Saturday, October 23, 2010

Introduction to Micro-Equity

This is a post I made about four years ago. Explanation pending until the next post. 
I believe that our Heavenly Father is unhappy with us because of the economic differences among His children. He is not surprised, as he knows the beginning from the end, but he is incensed by our indifference and blindness. He looks upon the poor, and weeps. He looks down upon the inattentive rich in front of their plasma screens, and he is exasperated. We pray for the poor. We ask why God does not free them from poverty. Then we turn on an NFL game, which is the opiate to assuage the pain of conscience. He will not force us to do good, so we continue to pass the chips around while watching American Idol.
    Since the days when Dickens began to bring the issue to light, many strategies have been attempted. From Marx to LBJ, most of them have focused on using the power of the sheriff to steal from the rich (and the slightly-less-poor people) and giving it the poor in exchange for votes and support from the poor. These “do-gooders” have fomented class envy, but have not solved the problem. Today’s poor suffer less than the poor in times past, only because capitalism (in the few instances it has been allowed cultivation) has created a rising tide that lifted all ships. But capitalism has not solved the problem either: inequities still exist.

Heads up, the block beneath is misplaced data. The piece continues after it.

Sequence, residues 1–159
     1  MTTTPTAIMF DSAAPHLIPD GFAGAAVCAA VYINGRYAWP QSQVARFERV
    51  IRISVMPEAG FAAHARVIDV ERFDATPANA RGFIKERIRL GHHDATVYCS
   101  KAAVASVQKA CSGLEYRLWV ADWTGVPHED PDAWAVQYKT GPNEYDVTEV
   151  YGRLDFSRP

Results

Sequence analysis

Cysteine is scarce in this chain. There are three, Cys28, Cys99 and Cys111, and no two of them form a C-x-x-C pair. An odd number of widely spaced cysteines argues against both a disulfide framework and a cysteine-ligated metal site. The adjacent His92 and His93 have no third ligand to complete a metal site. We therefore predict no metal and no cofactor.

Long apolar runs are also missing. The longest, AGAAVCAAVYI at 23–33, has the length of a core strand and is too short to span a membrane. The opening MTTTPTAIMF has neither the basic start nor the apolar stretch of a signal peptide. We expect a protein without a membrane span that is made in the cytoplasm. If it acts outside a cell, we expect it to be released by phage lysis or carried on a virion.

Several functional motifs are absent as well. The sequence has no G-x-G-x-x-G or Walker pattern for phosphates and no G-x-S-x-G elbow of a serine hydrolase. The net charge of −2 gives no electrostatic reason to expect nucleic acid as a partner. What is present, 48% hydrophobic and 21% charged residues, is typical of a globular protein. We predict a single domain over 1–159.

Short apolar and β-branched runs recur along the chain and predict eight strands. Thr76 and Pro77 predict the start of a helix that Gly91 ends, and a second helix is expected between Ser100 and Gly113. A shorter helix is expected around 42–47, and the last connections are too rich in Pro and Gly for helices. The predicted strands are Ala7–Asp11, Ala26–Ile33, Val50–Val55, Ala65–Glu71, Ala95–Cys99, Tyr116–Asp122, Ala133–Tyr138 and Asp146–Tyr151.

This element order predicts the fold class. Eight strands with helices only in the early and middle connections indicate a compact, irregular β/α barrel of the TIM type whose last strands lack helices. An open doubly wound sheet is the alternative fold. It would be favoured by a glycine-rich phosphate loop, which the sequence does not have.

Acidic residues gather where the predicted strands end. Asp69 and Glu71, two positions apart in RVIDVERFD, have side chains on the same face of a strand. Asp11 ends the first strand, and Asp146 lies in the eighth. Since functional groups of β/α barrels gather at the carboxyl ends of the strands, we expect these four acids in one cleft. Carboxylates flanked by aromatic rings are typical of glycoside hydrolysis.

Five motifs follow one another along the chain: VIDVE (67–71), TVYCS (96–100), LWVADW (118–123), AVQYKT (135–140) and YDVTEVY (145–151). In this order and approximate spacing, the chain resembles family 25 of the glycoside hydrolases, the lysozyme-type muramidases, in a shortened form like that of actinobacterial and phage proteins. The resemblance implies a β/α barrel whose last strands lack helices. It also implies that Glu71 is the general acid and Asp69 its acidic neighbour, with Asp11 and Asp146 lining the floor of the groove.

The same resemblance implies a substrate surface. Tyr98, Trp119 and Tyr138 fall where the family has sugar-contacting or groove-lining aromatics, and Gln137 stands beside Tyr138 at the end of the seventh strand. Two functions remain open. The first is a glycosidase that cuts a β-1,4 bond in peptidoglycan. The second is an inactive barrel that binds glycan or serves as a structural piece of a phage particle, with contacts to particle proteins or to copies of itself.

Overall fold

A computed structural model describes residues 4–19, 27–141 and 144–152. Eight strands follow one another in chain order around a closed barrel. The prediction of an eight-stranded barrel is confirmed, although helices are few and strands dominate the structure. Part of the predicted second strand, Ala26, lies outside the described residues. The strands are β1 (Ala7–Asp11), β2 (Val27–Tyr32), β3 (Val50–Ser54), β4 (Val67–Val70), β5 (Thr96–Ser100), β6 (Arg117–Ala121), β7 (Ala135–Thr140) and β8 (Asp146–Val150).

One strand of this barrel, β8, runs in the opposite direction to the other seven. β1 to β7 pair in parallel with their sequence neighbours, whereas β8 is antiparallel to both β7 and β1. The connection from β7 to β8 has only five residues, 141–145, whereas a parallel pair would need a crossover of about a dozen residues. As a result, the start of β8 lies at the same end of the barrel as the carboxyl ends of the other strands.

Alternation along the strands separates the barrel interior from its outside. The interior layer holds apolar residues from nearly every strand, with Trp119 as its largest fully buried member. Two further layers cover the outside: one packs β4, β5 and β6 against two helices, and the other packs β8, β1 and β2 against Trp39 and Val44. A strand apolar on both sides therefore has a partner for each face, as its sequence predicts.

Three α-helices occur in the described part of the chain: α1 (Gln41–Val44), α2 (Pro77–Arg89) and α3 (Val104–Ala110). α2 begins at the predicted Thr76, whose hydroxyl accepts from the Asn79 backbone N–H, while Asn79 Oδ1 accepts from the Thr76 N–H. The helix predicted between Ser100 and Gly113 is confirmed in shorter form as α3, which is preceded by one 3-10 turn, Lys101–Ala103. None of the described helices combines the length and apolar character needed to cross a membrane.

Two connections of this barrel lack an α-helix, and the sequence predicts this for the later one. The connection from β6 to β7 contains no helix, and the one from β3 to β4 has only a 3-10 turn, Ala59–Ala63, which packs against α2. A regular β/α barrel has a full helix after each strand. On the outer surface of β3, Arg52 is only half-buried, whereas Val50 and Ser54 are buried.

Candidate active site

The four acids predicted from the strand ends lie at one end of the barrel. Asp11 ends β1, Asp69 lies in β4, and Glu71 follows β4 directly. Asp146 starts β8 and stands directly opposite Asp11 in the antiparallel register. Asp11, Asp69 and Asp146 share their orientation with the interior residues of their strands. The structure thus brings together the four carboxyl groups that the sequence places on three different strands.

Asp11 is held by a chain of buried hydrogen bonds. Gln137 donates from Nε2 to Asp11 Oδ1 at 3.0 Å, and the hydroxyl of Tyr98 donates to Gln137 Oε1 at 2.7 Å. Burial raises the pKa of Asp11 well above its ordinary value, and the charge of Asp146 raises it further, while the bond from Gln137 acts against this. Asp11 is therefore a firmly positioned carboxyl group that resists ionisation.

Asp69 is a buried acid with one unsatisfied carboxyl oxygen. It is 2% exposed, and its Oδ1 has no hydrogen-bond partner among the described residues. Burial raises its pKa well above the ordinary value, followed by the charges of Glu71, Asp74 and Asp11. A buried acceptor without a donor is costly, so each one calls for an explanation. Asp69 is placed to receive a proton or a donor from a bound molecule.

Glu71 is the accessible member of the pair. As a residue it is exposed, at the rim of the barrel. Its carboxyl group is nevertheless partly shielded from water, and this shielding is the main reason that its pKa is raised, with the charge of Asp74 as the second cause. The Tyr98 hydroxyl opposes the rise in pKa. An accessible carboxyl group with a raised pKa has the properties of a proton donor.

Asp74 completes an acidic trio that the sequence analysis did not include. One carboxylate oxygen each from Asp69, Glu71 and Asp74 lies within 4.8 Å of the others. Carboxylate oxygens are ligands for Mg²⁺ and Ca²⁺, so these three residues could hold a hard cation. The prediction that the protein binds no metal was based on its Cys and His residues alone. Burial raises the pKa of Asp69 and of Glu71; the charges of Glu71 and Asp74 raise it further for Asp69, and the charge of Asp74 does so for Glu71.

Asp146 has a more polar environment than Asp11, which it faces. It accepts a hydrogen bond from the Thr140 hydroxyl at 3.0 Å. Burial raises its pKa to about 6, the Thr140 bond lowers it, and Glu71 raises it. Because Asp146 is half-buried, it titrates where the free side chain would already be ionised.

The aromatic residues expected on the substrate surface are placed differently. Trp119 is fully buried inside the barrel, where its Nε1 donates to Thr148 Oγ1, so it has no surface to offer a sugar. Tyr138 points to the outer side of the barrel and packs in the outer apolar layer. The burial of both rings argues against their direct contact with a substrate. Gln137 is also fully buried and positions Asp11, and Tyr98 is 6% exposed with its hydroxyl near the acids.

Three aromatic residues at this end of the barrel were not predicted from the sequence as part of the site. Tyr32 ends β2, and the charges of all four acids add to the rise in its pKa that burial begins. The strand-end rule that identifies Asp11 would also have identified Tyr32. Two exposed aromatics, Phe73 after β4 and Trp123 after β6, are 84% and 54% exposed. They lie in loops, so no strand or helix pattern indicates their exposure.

Pursuit of profit is not the cause. Pursuit of hedonism is the problem. Selfishness is the root. Socialists love to harangue capitalists because it is a system which encourages selfishness. Capitalism can indeed facilitate the spiraling of a society into depravity. But statism has not encouraged selflessness, and furthermore has not added any value in the pursuit of happiness for anyone, except for those few insiders who have jobs in the bureaucracy and can use their positions to gratify their own pride. Statists often do create organizations that benefit society, but are completely unable to dismantle those organizations when they are no longer needed, even when they become harmful. The degenerating effects to society of LBJ’s programs are well documented.
Now, I am certainly not an apologist for capitalism, but I see few of its critics removing their posteriors from the sofa to do anything to solve economic inequities. I think that criticizing capitalism—the only rational system in theory or in practice—takes our focus away from actually doing something.

Enter the social entrepreneur.

Whereas the real value of capitalism to society lies in the entrepreneurial aspects (creating value, creating jobs, producing in sectors that are currently needed for society, building etc.), many people believe that applying entrepreneurial principles and practices to the non-profit sector to solve social problems is the way forward.
Is solvency possible?
Jesus said “the poor always ye have with you.”  Was this His recognition of our unwillingness to share, or was He expressing a prophetic resignation to reality? I don’t know; I only know His heart to the extent that I can say he wasn’t encouraging or even giving up on the problem. He was just proposing an umbrella solution to all problems faced by the world in any and all ages as a higher priority.
    Decreasing the economic gaps may or may not be possible, but we must to the right thing anyway. That is the aim of Pavant Capital. More to come in the months ahead.

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